Healthcare organizations use simulation software to safely test changes to emergeny department processes, resources and patient volumes to identify ways of improving efficiency and reducing costs.
According to a national survey by the Institute of Medicine, 91% of US emergency departments (EDs) reported crowding as a problem, with 40% indicating that it was a daily occurrence.
This is a key issue for healthcare organizations as it can compromise care quality, patient safety and satisfaction and lead to delays and increased costs.
Although there are many uncontrollable external factors which contribute to crowding, there are several factors that can be addressed to improve the use of resources and patient flow.
Altering department layouts, increasing in-patient beds, refining operational processes and more effectively managing staffing levels are examples of ways to reduce congestion and increase patient satisfaction rates.
But how can emergency departments safely test the impact of changes without compromising services and costs?
Discrete event simulation tools like SIMUL8 are relied on to visually model emergency department flow systems, uncovering opportunities to improve operational efficiency in a low-risk environment.
SIMUL8 is an extremely flexible tool, enabling emergency departments to easily test, measure and implement process changes and identify the effect of changes across complex systems.
Utilize existing data sources and predictive analysis to accurately identify or forecast capacity constraints and surges in demand.
As simulation mirrors real processes in a visual way, you’ll easily see where queues and waiting times are happening – days, months or even years into the future.
Conduct powerful ‘what-if’ analysis to understand the impact of any changes in processes, resources, patient volumes and capacity on emergency department performance.
Simulation allows you to thoroughly test changes, without risk to patients and existing processes.
Compare improvement scenarios across waiting times, throughput, costs, and other important measures.
This allows decisions to go beyond opinions and expert recommendations, and instead be based on evidence and quantifiable results for your hospital’s own circumstances.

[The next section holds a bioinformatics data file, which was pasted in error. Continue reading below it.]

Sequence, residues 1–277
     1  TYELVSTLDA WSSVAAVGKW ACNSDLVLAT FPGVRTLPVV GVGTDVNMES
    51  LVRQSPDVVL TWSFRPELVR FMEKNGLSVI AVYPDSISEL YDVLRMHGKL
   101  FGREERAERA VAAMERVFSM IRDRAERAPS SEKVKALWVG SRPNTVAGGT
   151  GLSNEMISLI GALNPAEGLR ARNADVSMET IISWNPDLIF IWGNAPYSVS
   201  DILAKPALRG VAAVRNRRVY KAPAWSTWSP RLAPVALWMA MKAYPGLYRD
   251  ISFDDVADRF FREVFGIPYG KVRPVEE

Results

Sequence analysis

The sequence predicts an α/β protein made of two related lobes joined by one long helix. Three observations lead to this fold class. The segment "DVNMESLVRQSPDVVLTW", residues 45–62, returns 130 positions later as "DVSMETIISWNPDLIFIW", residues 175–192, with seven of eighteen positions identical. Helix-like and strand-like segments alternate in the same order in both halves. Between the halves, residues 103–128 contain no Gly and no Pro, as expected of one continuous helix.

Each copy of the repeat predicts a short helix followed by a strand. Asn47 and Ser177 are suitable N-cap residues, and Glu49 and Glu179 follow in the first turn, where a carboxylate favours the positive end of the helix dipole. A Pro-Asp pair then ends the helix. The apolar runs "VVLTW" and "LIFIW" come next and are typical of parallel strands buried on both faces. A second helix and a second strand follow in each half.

Johns Hopkins Health System has utilized SIMUL8’s healthcare simulation software for over 10 years as an effective decision-making tool for optimizing emergency department throughput across its hospital network.
"With ongoing cost reductions and other restrictions within the healthcare environment, clearly our resources are getting to be very precious and scarce, so we need to use tools like SIMUL8 to make sure we are getting the highest performance we can get out of the most reasonable amount of resources."
Politicians, academics and practitioners are all offering their opinions on causes and improvement. Learn how healthcare organizations can use simulation to assess which solutions, or combination of solutions, will make the most impact on emergency care systems.
Through the use of discrete simulation, Memorial Health System reduced length to stay for non-admitted patients in the emergency department by 27%, reduced percentage of patients leaving by without treatment by 50%, and improved patient satisfaction from the 57th to 99th percentile.
This webinar discusses how the internal process improvement team can work best with the simulation modeling team, the kinds of questions that are best answered with simulation and specific process improvement recommendations.
With an increase in patient demand and limited resources and capacity, the need to manage ED throughput has never been greater. Eric Hamrock (Johns Hopkins Health System) presents some of the lessons learned through more than a decade of simulation projects at three JHHS Emergency Departments.
In this series of webinars we hear about the fascinating collaboration between Leicestershire County, SIMUL8 Corporation, Loughborough University and Healthwatch Leicestershire and their challenge to reduce emergency hospital admissions.
Memorial Health successfully reduced the wait time for a CT scan by 30%, which has reduced length of stay, avoided a capital expenditure cost, and improved throughput in their Level I Trauma Center.
Dr. Paul Schmidt explores how simulation is being used to model a new operational strategy for unscheduled care at Portsmouth Hospitals NHS Trust.
A systematic review and an economic evaluation of Diagnostic management strategies for adults and children with minor head injuries in the UK Health System.
Simulation was used to identify and manage potential periods that could result in future under performance for the NHS's emergency contact center.
Simulation was used at the Golden Jubliee National Hospital's heart and lung center to assess if an enhanced schedule would improve waiting times and cancellations, or if more radical changes, such as capacity or other resource reallocations should be considered instead.